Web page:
Age seven, that’s all it took for him to grab the local news outlets’ attention. He was an instant sensation. In a hockey-obsessed country, which produces NHL superstars like no other, Crosby was much different. He was a Canadian prodigy. As Crosby aged, he eventually started to garner more attention for his absurd play, especially at the age of thirteen when he was denied entry to playing in the minor Midget level of hockey.
The Midget level is the age group that has kids who are fifteen, sixteen, and seventeen. Most of the time at this youth level you will see a significant rise in talent in comparison to the Bantam level (ages thirteen to fourteen), which is the age group below Midget. A protest by Sidney and his parents ensued, but they lost. Although the next year, at the age of fourteen, he would be granted access to the Midget level. He would show no sign of weakness.
Crosby straight up embarrassed his elderly opponents in the process of scoring two-hundred-and-seventeen points (yes, actually) for the Dartmouth Subways. This angered the Canadian hockey community, mostly the kids who weren’t as good as him and their jealous parents. Players started intentionally going out of their way to hurt Crosby, and parents in the stands would verbally abuse Troy and Tina. It got so bad that two years later he moved to America to play hockey.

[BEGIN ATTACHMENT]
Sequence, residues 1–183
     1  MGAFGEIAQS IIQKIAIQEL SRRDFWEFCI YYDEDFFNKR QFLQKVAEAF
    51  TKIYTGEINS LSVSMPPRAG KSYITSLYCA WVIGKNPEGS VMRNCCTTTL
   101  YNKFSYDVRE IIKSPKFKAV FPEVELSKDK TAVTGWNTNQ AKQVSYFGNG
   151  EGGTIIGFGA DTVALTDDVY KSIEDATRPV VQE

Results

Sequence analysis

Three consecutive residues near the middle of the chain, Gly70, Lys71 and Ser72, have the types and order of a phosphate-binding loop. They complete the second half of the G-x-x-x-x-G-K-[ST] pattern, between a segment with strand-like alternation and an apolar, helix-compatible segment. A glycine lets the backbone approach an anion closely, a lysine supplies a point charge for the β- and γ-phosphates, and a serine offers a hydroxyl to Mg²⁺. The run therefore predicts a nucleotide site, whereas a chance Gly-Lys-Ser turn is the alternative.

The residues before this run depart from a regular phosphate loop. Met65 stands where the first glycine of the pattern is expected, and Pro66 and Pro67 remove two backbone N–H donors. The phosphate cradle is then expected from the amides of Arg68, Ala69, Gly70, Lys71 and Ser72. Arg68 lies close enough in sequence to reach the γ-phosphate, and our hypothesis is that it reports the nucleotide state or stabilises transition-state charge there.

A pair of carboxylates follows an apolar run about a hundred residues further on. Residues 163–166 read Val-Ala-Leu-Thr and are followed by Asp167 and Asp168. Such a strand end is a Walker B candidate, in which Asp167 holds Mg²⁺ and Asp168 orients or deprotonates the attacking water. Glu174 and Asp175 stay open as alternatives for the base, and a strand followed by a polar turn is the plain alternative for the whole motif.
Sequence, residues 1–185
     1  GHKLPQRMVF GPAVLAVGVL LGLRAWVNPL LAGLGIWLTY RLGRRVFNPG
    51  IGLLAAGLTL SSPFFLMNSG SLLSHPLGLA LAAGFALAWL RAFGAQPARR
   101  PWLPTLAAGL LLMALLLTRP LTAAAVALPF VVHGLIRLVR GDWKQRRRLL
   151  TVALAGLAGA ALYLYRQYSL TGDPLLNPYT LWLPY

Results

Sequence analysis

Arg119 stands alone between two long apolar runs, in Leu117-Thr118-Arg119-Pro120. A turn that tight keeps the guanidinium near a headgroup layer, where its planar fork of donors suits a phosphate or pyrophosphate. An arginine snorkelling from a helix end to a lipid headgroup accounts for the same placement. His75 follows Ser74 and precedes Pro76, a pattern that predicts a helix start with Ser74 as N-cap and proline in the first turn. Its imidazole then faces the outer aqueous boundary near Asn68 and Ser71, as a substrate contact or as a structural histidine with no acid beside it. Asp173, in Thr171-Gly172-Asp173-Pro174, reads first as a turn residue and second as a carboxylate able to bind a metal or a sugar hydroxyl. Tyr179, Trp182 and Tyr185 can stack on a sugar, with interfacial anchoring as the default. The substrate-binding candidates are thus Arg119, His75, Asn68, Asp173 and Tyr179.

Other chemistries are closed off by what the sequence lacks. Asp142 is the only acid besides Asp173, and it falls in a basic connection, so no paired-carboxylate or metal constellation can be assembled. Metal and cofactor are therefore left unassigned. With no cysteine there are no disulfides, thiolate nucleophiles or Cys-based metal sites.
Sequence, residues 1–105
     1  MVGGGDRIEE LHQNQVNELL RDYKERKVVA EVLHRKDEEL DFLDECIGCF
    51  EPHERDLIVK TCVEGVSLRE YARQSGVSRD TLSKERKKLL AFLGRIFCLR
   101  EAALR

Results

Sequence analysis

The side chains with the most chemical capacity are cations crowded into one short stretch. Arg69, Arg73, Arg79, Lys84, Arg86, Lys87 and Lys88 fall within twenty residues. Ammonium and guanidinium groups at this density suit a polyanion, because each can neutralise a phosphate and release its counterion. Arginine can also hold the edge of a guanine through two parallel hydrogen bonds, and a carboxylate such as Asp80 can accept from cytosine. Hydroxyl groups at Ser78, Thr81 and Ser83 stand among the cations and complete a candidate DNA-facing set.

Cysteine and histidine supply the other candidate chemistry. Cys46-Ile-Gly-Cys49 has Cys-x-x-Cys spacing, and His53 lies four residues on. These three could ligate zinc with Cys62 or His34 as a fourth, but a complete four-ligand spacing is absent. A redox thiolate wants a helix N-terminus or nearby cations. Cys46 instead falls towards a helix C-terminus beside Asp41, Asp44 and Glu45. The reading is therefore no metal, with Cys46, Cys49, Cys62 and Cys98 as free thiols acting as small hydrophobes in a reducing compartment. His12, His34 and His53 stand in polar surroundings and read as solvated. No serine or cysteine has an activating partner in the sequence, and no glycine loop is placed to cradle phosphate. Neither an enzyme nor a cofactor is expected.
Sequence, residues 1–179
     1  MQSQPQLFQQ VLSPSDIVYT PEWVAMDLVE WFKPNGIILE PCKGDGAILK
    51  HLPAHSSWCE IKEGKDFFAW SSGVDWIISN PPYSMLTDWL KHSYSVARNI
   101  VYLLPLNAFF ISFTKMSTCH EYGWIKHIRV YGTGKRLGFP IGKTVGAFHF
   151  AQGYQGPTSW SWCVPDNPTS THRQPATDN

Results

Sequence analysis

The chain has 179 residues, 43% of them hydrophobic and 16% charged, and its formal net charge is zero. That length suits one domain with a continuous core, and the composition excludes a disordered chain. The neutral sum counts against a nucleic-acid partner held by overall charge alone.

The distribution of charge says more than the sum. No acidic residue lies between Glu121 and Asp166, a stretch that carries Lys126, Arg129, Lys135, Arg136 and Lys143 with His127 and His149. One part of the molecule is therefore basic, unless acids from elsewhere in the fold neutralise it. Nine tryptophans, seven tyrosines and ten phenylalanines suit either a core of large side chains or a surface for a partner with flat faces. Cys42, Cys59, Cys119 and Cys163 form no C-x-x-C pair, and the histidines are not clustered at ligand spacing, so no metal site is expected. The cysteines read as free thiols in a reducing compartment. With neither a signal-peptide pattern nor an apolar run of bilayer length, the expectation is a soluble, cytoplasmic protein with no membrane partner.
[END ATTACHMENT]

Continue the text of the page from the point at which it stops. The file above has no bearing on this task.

Life in America
Shattuck-Saint Mary’s Boarding School is where Crosby elected to play. This is a prestigious institution located in Fairbult, Minnesota which is known for the amount of National Hockey League stars bred there over the last few decades. Crosby went on to dominate every American prep school and elite Midget team he faced while playing for the Sabers. He scored one-hundred-and-sixty-two points in a minuscule fifty-seven games. He also led the team to a national championship during his junior year.